Masternodes are mostly used in Proof-of-Stake (PoS) blockchains and can take on other important governance roles.

How do blockchain nodes work?

For the proper functioning and security of a blockchain system, the different types of nodes on a network work together and not independently.

Full nodes, light nodes, and masternodes have to communicate with each other at all times to be able to maintain their own copy of the ledger updated and similar to other members of the network. In this way, the integrity of the network will remain intact.  

In a PoW blockchain, mining nodes are responsible for adding new blocks to the system. They broadcast their proposed block to the network which has to be approved by other nodes.

Each node validates the new block according to its copy of the ledger and if approved, adds it to the chain. Once the majority of nodes have accepted the new block and included it in their ledger, the new block is officially added to the blockchain.

The process is determined by the consensus mechanism of a blockchain which instructs nodes how to reach an agreement on the addition of a new block to the chain.

The consensus mechanism helps members of a distributed system to be able to maintain the network in an integrated state without a centralized authority.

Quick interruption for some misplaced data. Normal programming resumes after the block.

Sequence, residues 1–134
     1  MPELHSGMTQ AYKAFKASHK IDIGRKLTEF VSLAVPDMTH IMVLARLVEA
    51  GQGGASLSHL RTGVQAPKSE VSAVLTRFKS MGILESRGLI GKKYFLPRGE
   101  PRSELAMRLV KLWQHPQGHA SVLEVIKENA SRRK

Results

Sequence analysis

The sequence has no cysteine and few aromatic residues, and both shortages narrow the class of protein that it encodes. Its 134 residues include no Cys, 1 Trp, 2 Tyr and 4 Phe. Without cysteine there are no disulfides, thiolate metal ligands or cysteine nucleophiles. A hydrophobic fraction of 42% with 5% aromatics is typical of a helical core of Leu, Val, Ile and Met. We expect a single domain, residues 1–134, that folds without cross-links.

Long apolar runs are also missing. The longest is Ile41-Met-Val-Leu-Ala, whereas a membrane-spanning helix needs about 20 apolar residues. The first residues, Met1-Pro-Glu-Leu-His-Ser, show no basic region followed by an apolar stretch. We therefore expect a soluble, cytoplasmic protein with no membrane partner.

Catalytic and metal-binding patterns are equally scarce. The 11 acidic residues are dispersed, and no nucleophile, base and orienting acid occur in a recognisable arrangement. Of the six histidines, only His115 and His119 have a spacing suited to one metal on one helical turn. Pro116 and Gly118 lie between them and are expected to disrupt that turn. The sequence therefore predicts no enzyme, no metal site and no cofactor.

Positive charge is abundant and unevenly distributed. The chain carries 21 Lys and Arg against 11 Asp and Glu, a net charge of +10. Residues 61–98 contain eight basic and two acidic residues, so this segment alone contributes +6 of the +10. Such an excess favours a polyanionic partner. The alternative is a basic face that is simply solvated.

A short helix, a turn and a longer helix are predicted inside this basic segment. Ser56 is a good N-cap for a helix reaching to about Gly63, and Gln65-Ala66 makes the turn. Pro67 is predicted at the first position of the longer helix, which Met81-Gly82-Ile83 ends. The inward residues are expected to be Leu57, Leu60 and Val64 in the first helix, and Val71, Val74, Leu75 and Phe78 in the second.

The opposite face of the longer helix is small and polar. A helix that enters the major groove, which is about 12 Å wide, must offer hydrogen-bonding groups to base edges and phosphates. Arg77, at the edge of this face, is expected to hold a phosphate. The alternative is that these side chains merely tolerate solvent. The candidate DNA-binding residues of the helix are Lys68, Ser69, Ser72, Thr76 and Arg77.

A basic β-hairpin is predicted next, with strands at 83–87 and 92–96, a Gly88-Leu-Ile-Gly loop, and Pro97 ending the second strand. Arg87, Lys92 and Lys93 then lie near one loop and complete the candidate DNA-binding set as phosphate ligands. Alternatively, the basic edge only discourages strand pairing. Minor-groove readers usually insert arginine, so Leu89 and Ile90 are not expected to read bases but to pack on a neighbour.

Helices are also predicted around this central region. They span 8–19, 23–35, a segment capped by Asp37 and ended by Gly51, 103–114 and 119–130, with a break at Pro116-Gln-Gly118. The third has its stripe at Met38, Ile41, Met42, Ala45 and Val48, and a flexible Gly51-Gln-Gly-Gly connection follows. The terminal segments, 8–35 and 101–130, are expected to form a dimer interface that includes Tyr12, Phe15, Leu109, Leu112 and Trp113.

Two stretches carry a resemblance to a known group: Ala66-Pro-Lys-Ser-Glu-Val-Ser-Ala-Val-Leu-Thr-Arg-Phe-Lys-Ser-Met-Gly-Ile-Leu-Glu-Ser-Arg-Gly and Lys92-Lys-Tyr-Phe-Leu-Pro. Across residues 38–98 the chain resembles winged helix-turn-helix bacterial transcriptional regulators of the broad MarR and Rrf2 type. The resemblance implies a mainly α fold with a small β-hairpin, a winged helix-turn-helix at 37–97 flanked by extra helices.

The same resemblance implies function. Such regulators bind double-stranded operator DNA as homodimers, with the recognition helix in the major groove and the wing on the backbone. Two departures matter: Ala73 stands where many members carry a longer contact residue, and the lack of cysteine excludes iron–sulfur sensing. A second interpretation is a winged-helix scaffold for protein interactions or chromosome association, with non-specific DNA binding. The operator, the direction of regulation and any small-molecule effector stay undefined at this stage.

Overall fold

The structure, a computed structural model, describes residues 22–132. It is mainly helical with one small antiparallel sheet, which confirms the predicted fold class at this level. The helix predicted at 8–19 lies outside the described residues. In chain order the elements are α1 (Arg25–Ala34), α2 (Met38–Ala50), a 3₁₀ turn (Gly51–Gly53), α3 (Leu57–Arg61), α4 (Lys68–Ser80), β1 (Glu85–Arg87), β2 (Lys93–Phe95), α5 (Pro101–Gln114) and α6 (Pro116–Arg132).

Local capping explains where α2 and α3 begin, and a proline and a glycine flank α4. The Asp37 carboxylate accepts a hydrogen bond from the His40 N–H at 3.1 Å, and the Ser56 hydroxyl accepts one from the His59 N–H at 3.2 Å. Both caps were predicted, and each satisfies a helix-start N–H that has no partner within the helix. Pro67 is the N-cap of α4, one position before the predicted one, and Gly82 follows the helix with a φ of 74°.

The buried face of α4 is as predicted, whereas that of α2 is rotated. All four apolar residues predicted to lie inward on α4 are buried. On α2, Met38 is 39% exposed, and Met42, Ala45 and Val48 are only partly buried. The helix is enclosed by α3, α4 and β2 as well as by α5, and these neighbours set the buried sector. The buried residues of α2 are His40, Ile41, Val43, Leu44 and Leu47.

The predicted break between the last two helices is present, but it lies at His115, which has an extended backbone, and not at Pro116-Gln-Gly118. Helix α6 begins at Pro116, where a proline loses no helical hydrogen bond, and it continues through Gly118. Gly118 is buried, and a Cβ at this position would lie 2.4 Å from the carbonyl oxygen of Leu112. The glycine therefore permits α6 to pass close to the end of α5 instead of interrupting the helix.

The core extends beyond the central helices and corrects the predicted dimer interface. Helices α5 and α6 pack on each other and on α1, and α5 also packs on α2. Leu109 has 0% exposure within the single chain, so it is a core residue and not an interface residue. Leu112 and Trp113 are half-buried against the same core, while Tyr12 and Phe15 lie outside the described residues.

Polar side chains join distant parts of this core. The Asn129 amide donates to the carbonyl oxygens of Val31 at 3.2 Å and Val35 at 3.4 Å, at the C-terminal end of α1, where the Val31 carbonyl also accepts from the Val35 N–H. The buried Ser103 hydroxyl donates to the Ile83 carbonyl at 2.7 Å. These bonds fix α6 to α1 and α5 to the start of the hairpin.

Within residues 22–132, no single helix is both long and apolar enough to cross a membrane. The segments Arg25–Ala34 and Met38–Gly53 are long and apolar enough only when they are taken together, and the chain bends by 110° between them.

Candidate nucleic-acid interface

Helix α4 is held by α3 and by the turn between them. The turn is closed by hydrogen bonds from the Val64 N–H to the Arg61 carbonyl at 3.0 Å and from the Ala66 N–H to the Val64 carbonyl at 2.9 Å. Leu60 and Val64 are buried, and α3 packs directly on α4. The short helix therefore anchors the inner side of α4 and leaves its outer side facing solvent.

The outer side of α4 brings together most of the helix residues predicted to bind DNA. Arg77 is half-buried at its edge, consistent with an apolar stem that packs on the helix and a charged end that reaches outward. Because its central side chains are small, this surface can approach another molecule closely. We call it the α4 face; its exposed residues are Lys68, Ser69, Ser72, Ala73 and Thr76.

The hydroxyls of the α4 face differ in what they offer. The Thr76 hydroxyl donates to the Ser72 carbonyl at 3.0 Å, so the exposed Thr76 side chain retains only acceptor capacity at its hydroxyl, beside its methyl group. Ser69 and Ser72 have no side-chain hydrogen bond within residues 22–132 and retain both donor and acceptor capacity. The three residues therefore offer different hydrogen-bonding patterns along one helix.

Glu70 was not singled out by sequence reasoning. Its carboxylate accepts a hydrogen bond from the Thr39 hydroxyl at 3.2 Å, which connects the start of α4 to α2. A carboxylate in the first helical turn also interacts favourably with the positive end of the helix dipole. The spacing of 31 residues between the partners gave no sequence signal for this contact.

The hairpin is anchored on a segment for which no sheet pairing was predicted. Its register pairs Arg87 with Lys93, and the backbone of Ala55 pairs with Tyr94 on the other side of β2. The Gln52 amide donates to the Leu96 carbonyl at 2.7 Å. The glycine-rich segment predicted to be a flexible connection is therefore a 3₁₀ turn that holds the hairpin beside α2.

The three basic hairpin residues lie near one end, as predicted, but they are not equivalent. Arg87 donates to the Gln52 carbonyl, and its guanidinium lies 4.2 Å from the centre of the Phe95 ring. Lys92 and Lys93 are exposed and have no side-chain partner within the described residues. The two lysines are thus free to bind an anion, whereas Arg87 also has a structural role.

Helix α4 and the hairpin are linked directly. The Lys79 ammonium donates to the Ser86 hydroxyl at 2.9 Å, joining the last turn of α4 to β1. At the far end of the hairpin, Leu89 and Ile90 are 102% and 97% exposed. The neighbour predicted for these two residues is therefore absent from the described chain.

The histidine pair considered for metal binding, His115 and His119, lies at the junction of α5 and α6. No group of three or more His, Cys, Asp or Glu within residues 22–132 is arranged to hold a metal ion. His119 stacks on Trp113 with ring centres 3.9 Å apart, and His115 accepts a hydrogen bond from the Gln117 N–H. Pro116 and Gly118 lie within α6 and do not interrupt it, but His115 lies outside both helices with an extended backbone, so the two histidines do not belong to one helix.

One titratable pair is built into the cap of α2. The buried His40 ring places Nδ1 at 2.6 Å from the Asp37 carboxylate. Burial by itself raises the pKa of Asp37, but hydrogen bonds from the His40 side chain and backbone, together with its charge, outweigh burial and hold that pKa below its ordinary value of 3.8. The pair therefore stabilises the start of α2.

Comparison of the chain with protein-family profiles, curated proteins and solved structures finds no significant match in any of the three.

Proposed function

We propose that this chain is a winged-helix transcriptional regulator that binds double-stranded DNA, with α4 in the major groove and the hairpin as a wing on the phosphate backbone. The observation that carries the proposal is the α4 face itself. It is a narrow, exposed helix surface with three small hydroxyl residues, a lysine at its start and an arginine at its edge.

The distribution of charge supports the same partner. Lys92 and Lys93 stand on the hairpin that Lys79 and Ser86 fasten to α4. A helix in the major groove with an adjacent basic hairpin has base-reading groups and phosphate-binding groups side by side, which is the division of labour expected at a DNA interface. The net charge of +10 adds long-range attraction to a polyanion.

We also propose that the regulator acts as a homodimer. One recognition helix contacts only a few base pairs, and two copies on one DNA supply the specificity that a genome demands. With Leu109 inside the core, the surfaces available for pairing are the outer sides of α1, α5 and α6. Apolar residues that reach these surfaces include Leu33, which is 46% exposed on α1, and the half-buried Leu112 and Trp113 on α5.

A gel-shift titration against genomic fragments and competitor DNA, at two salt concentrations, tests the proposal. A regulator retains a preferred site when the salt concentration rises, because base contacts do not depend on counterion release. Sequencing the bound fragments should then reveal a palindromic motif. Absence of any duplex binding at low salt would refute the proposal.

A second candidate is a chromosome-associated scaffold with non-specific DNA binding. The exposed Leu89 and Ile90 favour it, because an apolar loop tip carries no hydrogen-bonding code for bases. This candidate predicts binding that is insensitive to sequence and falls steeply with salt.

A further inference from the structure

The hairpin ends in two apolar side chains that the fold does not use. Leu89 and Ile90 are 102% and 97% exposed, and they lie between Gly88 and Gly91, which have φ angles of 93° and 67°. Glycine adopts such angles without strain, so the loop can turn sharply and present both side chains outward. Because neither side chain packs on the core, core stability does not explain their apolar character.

Why blockchain nodes are important?

As mentioned, blockchain nodes are the building blocks of any blockchain network. They take on different roles in a blockchain system and are the key foundations that ensure a network is reliable, secure, and transparent.

Here are some of the reasons why blockchain nodes are important:

❖Transaction Validation: Blockchain nodes are responsible for verifying transactions in a blockchain network. Mining or staking nodes then use these verified transactions to form new blocks which are then added to the chain. This helps to ensure that only valid blocks are added to the chain, maintaining the integrity of the network.

Security: If there are more nodes connected to a network, the security of the blockchain network becomes stronger. Blockchain nodes help to make a network secure by storing a copy of the blockchain in different devices. This makes it difficult for bad actors to manipulate the network or commit fraud.

Decentralization: Another notable function that nodes offer is the enhancement of a decentralized blockchain environment. By allowing multiple computers to participate in the consensus mechanism of a network, governance is not done by a central authority but collectively. 

Transparency: Additionally, nodes of a public blockchain allow everyone to be able to check the ledger of the blockchain and its transactions. This feature creates a transparent system which can further reduce the chances of fraud and manipulation.